THE SPORT OF KINGS
I just plain don't understand the popularity of casino gambling, or of the lottery for that matter. If a game is crooked, I don't want to play; and if the game is straight I still don't want to play. Where is the fun of watching the inevitability of statistics slowly leeching your money out of your pocket? From the perspective of an extended time frame, a straight game is utterly predictable. The games have complicated rules that cause the players to make decisions, none of which affect the long term outcome. And losing combinations are usually just one element from a winning combination in order to create the false impression that you were thiiiiiiiiiis close.
Elite level sports really don't hold my interest either. I didn't go to the University of Arkansas (I went to Ole Miss. Don't tell anybody.), and I've got nothing in common with any of the players. I can't even afford to buy season tickets outside the end zone; but I'm supposed to be happy when they win and sad when they lose. Professional sports are even farther removed. It's a mercenary system. They'll move to any town that'll build them a new stadium. How a fan can so quickly embrace the Tennessee Titans is beyond me. Come on, Jethro. They ain't your team. They was trucked in.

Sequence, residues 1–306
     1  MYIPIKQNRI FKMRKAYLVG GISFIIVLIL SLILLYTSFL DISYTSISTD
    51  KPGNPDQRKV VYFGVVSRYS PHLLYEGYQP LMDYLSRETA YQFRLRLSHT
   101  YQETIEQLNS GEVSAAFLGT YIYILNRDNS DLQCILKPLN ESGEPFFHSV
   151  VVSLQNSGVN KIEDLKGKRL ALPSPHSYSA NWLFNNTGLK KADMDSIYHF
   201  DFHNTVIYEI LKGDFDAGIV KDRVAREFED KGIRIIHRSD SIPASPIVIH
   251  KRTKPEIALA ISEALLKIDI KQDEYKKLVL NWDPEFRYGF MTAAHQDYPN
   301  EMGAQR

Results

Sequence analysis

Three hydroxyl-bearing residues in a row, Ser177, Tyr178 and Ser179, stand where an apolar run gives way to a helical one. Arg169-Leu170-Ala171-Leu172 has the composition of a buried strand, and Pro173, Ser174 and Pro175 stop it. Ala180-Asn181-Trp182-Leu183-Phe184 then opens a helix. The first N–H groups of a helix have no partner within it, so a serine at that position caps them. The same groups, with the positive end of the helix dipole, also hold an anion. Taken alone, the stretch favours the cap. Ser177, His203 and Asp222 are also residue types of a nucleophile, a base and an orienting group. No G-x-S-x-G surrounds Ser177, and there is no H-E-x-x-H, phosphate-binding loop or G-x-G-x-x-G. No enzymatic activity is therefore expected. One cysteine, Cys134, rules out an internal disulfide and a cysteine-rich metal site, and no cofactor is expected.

There is one kind of gambling that I do enjoy. Thoroughbred racing. Here's why.
All the stuff that's illegal in every other sport is part of the game in horse racing. You can bet on your own horse. You can bet on an opponent's horse. A jockey can place a bet on a race that he's in.
In every other elite sport, it's assumed that every participant is trying his best to win every time he plays. Any other intent would be unethical. Not so in horse racing. You don't have to try to win. You might enter your horse in a race just to work it out at an unfamilar distance.
RTJ--8/15/2002Arkansas Travelogue home page | Matters Literary | Short Rants I | Short Rants II | Short Rants III